Astral Winter – Perdition II


Anyone familiar with Belgium-based underground label Immortal Frost Productions, will be aware of their traditionally savage output with most releases dipped into the melting pot of black metal. This new release from Astral Winter is nothing like that… 

This is as far removed as satanic snarls, roughened riffs and poisoned percussive attacks as you can find. Perdition II is an almost exclusively instrumental affair, serving up nine songs of solitude across a restful 38 minutes. 

Astral Winter hail from Australia and this is their fourth album. As the title suggests, it follows on from Perdition which the band released back in 2013. In between they released Forest of Silence (reviewed here) in which their driving force Josh Young unleashed the full black metal experience with snapping vocals and full orchestral support. 

Perdition II is essentially an acoustic affair and opens in somnambulant style with opulent pieces ‘Corridors of Time’ and the hypnotic ‘Light of the Cosmos,’ the latter enhanced by some sublime keyboard melodies. 

There’s a shimmering beauty that lies at the very core of this album, reflected in melancholic moments such as ‘Fading from the Skies’. The majestic keyboard work leads into the equally enthralling ‘Dream of the Stars’ which paints yet more powerful vistas that enthrall and engage while the song title itself offers further insight into the wider galactical gyrations that inspire so much of the Tasmanian band’s output.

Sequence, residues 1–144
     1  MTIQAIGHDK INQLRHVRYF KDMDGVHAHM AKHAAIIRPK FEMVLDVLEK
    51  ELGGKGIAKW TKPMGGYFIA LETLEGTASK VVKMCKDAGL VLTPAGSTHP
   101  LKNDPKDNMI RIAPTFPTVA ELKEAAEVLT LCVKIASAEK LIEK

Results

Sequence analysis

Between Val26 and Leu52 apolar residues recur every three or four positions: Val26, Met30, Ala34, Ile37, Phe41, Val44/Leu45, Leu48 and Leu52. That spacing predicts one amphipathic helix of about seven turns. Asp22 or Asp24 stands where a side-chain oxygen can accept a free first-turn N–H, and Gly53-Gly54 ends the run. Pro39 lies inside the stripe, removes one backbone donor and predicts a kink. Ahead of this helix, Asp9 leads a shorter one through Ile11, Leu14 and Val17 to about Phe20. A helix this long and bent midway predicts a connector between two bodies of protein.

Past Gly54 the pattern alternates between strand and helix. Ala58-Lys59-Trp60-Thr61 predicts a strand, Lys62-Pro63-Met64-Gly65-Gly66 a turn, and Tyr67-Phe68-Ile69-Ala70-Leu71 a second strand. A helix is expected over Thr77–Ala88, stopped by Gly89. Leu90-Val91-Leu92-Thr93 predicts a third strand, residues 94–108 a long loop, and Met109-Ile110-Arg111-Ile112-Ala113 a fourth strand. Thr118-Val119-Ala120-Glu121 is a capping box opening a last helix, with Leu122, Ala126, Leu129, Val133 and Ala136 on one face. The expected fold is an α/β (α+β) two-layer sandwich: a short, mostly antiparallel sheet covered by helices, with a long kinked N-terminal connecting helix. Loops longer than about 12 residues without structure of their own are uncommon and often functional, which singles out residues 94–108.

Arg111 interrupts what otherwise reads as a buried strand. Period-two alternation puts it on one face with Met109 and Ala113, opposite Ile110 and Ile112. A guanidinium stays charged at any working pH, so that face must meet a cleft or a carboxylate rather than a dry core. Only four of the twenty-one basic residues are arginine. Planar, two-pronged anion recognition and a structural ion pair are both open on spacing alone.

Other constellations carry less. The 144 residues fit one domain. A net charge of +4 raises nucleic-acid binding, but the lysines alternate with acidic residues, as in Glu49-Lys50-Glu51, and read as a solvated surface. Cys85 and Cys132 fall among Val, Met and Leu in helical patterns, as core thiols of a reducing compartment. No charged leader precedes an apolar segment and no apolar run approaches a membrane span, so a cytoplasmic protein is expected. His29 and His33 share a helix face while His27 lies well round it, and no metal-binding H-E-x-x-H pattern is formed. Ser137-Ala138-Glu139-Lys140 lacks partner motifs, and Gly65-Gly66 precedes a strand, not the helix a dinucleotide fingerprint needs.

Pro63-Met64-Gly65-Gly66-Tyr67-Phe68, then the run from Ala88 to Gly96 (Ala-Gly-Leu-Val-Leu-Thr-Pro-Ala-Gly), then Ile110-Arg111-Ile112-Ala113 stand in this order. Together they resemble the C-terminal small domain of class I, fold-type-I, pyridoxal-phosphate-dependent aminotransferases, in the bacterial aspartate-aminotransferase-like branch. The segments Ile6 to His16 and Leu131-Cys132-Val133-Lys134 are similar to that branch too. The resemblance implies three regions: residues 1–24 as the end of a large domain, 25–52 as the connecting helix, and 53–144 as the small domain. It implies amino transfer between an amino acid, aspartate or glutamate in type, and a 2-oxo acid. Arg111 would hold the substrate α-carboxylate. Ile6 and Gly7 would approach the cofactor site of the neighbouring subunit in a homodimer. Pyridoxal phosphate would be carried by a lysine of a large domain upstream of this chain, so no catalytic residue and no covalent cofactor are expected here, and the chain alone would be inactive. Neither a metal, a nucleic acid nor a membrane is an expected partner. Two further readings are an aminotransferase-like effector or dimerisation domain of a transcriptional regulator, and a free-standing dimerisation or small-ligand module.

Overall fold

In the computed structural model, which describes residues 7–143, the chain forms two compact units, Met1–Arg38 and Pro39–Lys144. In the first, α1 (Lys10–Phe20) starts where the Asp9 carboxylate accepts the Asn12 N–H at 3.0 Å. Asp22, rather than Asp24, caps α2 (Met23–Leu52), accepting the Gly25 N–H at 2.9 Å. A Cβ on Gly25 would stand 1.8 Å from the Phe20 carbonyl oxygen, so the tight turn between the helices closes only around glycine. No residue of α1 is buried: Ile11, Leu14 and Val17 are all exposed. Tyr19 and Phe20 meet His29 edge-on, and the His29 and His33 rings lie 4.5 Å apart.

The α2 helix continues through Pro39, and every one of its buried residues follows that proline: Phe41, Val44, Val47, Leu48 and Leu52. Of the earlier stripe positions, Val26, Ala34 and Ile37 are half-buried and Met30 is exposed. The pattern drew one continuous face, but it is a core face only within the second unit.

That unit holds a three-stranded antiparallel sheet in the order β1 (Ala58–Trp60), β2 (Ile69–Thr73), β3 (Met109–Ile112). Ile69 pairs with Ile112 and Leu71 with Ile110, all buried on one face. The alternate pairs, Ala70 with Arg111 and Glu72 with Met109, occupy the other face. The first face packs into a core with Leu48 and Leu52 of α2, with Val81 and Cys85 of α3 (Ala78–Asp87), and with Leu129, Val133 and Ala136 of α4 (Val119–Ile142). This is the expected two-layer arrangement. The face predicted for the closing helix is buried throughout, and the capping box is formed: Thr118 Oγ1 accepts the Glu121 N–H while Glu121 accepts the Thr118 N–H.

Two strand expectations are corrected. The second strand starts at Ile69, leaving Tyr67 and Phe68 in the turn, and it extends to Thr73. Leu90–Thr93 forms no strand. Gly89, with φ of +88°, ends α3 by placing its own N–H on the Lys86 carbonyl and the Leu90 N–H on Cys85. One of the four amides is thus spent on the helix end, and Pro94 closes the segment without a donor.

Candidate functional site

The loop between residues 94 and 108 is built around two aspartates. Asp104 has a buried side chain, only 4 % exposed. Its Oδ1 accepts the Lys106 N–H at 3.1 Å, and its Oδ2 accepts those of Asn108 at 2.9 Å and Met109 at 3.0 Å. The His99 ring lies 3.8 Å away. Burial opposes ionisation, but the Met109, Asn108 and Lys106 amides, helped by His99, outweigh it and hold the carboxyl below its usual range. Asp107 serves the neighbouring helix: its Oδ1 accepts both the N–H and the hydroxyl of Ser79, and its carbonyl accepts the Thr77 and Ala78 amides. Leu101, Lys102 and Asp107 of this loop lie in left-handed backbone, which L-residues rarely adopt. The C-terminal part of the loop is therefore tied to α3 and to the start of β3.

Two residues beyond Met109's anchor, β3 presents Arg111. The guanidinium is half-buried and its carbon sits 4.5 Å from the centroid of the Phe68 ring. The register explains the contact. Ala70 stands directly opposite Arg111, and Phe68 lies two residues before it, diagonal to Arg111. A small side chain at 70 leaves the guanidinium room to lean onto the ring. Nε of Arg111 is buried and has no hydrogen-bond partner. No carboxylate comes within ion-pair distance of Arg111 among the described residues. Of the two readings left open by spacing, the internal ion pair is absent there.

While much of this album is played out across an ethereal plain, the fleeting ‘Crystal Tears’ turns the clouds a shade darker with its deeper echoes carrying an almost medieval power before cushioning seamlessly into ‘The Celestial Age’. This is the first track when voices are heard, a choral collective adding a spine-tingling dimension before the winds start to gently exhale through the whiteout finish. 

‘At the Gates of Creation’ is possibly the grandest track, some spoken words feature early on before the sonic waves take on a bolder and more strident energy than previously heralded on Perdition II. The emotive arcs reach higher while the track carries an almost tangible power, with irresistible grooves floating across the surface. 

While a comforting and reassuring listen, Astral Winter do dim the lights on closing track ‘Withering Illusion,’ the album’s longest and most opulent offering. The flow is measured and the undulations run smooth while the wintery artwork makes clear the season in which this album’s spirit resonates the most strongly. But the coldness is not exclusive as there are many warm patterns at work here also. 

As a final aside, Astral Winter’s debut album Illustrations of Death was the very first full length release on Immortal Frost back in 2009. Both the band and the Belgian label have made consistent progress ever since. 

Released via Immortal Frost Productions on 31 July 2020 

Review by Paul Castles


  1. Corridors of Time
  2. Light of the Cosmos
  3. Ethereal Light
  4. Fading from the Skies
  5. Dreams of the Stars
  6. Crystal Tears
  7. The Celestial Age
  8. At the Gates of Creation
  9. Withering Illusion